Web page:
THE SOURCES OF MUSICAL HISTORY
IN GENERAL HISTORICAL RESEARCH TWO MAIN TYPES OF source material are distinguished: material remains and written records. Both types are found in the history of music, but here the written record is more important, especially if the monuments of music, music in notation, are classed as written records.
Musical instruments constitute the most important class of material remains. Other items include pictures and reliefs, as well as buildings used for musical purposes -- temples, concert halls, and opera houses.
The written records include a wide variety of materials such as musical monuments (all music preserved in notation); historical writings of all kinds; general literature; public documents containing vital statistics and other records; private documents, such as letters, diaries, household accounts, and estate records; and newspapers, magazines, and programs. The sources already mentioned are, of course, sometimes supplemented by oral tradition, as in the field of folk music and the Gregorian church music.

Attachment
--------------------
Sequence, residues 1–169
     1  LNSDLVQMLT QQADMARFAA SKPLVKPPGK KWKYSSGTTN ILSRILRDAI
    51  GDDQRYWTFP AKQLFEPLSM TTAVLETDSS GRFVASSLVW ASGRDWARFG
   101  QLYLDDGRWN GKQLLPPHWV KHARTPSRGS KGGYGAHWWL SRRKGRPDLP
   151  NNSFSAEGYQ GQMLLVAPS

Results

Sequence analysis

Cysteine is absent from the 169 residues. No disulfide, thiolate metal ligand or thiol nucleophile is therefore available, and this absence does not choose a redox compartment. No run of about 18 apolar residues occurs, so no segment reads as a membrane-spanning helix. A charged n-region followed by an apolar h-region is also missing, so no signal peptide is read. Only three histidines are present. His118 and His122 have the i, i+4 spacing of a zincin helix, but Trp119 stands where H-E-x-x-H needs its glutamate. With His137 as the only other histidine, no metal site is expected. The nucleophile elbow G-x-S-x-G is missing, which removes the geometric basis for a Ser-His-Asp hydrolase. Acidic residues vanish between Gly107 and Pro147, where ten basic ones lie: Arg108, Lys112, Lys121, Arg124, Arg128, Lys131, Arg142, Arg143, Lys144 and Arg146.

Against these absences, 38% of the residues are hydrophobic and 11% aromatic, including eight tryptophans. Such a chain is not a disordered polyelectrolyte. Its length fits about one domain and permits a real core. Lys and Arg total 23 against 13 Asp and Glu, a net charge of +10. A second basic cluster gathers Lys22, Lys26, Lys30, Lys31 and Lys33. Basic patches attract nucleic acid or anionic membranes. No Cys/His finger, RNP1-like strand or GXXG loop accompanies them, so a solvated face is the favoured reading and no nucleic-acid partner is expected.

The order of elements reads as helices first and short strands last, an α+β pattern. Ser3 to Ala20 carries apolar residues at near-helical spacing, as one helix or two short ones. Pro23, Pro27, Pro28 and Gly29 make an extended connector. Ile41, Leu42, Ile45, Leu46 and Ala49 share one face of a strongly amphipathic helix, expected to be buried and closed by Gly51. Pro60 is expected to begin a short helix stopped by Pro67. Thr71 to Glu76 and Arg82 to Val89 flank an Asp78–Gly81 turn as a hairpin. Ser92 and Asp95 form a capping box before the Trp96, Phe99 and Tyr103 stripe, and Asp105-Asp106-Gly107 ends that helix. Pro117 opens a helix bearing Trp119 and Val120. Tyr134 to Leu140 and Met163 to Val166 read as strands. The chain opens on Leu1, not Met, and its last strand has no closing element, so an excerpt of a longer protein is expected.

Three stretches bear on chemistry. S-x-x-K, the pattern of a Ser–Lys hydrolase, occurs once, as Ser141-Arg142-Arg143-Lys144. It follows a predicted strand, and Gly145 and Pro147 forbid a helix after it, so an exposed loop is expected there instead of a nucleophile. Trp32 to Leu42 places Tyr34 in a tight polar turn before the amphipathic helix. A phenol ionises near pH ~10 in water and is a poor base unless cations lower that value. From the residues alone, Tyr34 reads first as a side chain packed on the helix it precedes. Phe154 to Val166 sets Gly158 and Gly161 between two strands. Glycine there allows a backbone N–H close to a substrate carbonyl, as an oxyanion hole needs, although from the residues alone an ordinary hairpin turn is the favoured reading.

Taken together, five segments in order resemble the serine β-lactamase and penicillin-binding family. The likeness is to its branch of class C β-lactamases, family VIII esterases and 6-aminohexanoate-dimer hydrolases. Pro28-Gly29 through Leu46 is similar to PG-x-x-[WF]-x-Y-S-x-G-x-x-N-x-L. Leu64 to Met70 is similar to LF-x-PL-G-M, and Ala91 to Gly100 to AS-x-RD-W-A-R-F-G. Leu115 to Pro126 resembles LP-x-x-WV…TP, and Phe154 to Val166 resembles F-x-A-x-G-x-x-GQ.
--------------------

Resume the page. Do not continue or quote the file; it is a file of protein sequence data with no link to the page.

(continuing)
Although the sources of information concerning the history of music differ greatly in various periods, musical compositions preserved in some decipherable notation constitute the most important materials for the music of the last thousand years. As we go further back in history, musical monuments